Monday, October 21, 2013

Buttonwood and Firehouse Live + on CDs

The John Funkhouser Trio - Mr. Funkhouser (piano, keyboards), Greg Loughman (acoustic bass), and Mike Connors (drums) - return to The Buttonwood Tree, 605 Main Street in Middletown.   This is the band's 3rd appearance in the last 2 years; this time, they are celebrating the release of "Still" (Jazsyzygy Records), the JFT's 3rd release and first in 4 years.

If you have ever seen and heard this ensemble (pictured left) in person, you know how much energy they bring to a live show.  Yes, they each have technique to burn (and, there are moments when they let it rip) but are also extremely musical.  The material on the new CD ranges from a Latin-inspired romp through Thelonious Monk's "Little Rootie Tootie" to a blues-drenched rendition of "House of the Rising Sun" (featuring a long but emotionally rich bass solo from Loughman) to a long and satisfying journey through the Rodgers/Hart standard "My Romance."  There are also 5 Funkhouser originals including the often fiery opener "Indigo Montoya's Great Escape" (named for the pianist's cat) to the multi-sectioned "The Deep"(1 of 3 tracks featuring guitarist Phil Sargent and 1 of 2 featuring the wordless vocals of Aubrey Johnson). Ms. Johnson also appears on "Leda", a ballad that turns up-tempo, propelled by Connors' splendid drum work. The CD closes with the haunting and mysterious title track; it features a fine bass solo, a hint of George Harrison's "Within You, Without You" in the melody line, atmospheric guitar, more splendid drum work and a mesmerizing piano solo.

The John Funkhouser Trio is, often, wildly inventive and great fun to watch and listen to - they can also play with grace and sweetness.  The Buttonwood gig starts at 8 p.m. this Saturday (10/26).  Go to for more information and to reserve a seat (or 2).  To learn more about Mr. Funkhouser and his talented comrades, go to  

Firehouse 12, 45 Crown Street in New Haven, is in the midst of a fascinating season.  Last week (10/18), the Elm City venue welcomed trumpeter/composer Amir ElSaffar and his splendid quintet (Dan Weiss, John Escreet, Ole Mathisen and Dave Ambrosio - wow, did they rock the performance space!) - this week, the spotlight turns to bassist/composer James Ilgenfritz and his splendid band, a quartet that features Angelika Niescier (saxophone), Andrew Drury (drums) and the amazing Denman Maroney (piano). The band's debut CD, "MIND GAMeS", was issued in 2012 on OutNow Records.  The music created by the quartet is built upon their interactions, their innate ability to act upon and/or react to what each one is playing.  Ilgenfritz is no stranger to challenges, having recorded a solo bass CD of Professor Anthony Braxton's large group compositions.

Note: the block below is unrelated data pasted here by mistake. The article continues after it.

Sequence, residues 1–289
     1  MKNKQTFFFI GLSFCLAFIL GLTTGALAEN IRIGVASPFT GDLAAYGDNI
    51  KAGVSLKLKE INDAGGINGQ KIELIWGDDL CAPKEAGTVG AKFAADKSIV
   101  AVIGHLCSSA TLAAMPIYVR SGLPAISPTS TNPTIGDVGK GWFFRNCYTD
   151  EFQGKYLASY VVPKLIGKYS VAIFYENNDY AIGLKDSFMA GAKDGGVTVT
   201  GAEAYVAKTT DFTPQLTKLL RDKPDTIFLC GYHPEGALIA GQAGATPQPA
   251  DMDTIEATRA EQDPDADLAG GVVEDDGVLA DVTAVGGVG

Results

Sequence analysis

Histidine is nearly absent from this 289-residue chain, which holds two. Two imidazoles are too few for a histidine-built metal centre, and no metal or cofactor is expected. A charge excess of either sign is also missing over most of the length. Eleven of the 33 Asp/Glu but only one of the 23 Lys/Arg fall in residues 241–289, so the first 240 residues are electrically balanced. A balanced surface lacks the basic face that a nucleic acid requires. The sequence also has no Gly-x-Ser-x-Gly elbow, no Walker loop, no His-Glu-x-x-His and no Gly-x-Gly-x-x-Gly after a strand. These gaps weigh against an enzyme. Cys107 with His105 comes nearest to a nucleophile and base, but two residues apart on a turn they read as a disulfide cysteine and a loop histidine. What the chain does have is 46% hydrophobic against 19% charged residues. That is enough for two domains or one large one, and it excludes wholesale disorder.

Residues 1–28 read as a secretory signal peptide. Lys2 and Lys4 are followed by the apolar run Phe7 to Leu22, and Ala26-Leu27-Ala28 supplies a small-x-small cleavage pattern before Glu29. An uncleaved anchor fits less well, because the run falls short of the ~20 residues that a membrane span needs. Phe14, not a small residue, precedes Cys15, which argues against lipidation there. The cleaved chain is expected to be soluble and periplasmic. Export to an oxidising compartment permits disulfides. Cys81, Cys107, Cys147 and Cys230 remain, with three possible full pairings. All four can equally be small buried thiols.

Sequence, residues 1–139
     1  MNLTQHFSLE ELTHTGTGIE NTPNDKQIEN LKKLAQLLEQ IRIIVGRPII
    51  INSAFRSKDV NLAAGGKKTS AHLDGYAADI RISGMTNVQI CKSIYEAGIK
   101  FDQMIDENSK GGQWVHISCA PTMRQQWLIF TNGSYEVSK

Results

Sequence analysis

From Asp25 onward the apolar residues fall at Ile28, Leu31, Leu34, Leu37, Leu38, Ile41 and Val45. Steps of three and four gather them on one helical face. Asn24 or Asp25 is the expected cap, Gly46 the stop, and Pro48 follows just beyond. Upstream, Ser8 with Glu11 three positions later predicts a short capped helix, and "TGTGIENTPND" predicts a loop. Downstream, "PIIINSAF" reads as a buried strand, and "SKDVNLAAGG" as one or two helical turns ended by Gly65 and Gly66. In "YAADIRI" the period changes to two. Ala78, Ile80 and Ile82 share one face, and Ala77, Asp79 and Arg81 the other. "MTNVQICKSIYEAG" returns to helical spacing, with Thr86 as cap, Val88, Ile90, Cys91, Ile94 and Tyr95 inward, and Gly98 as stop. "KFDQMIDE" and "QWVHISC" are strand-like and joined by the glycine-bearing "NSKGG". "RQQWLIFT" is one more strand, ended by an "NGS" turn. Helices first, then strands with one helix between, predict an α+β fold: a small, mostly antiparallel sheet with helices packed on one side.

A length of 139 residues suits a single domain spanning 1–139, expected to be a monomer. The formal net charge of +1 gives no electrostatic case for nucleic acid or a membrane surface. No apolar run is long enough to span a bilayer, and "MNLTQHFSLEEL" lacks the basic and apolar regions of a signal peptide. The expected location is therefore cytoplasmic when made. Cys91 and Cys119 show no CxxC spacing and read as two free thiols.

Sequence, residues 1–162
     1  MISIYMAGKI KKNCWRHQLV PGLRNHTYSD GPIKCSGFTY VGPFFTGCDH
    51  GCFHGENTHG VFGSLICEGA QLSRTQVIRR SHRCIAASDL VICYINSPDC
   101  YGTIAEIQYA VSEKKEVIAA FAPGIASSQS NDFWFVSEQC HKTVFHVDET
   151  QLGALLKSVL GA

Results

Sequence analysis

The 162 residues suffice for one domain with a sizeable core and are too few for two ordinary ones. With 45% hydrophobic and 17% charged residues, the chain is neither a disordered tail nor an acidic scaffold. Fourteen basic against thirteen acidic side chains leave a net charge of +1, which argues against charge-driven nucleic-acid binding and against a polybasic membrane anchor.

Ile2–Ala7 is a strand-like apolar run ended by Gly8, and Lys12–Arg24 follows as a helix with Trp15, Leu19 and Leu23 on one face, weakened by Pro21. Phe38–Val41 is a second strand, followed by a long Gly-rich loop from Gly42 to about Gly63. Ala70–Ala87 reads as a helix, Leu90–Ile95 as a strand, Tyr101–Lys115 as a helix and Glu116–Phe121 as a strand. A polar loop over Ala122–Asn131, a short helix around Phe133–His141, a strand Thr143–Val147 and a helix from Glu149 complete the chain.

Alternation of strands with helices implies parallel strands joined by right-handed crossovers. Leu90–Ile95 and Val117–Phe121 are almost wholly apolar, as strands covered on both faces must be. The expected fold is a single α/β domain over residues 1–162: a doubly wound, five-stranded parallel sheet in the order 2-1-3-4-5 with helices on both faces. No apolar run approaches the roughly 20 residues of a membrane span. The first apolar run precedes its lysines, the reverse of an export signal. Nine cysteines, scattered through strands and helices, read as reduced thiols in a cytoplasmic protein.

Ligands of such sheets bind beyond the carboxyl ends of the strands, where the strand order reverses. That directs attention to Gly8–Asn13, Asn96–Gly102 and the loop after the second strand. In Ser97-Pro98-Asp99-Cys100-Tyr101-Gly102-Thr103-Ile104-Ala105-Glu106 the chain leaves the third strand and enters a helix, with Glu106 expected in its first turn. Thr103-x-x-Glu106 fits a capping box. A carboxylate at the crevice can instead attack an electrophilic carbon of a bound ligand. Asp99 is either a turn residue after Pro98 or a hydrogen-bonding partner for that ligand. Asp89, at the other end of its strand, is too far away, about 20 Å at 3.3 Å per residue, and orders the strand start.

This adventurous quartet plays 2 sets - 8:30 and 10 p.m. - for ticket information, go to
To learn more about James Ilgenfritz and his music, go to

Firehouse 12 Records has just issued "Life Carries Me This Way", a collection of solo piano pieces performed by Myra Melford and inspired by the paintings of her family's life-long friend, Don Reich (1931-2010).  Reich, a native of California and long-time resident of Sacramento, responded to Ms. Melford's request for a stack of drawings and paintings for her to interact with and create a series of compositions.  The pieces took some time to come to life but the results are remarkable.  Some of the credit must go to label head/recording engineer/mixer and mastering engineer Nick Lloyd who also co-created the packaging with his wife Megan Craig.  Each of the paintings that inspired the music is included in the booklet as is a short essay from Ms. Melford and a longer look at the painter from his friend, Charles Johnson, the former art critic for the Sacramento Bee.

Then, there is the music.  Contemplative, rhythmical, challenging, lyrical, often enthralling, every piece makes sense to the listener when looking at the painting that inspired the music. The gentle sounds of "Japanese Music" follows the patterns in the painting, perhaps an overcast day with mist leaving shapes on the windows of the studio.  The angular melodic fragments and changes in rhythm of "Piano Music" may be inspired by the different sections of the painting that inspired it, images and colors that flow into each other.  "Moonless Night", the painting, features unconnected body parts, Picasso-like, while the music is straight-forward, melodic, minimal left-hand accompaniment, slow, stark, with quiet strength. "Still Life", the exquisite melody that closes the program, is breath-taking in its emotion and execution; the music resonates in your heart and mind long after the final notes fade.

You should discover this music for yourself, creating your own responses to the art of both Don Reich and Myra Melford.  If you have paid any attention to her music, you already know Ms. Melford takes no short-cuts, does not play "down" to her audience, but does allow her muse to carry her "this way" and "that way." "Life Carries Me This Way" is, simply put, essential listening, timeless and richly rewarding.  For more information, go to and to

Don't forget to look on the right of this column where you will see that "The Jazz Session" is back in business.  Thanks to his many supporters, host/interviewer Jason Crane is back doing what he has done so well in the past, speaking with many of the people who create the music that many of us live to listen to.  Two shows a month for the foreseeable future and you can still become a supporter.  Click on one of the shows to listen and find out more.  Welcome back, Jason!

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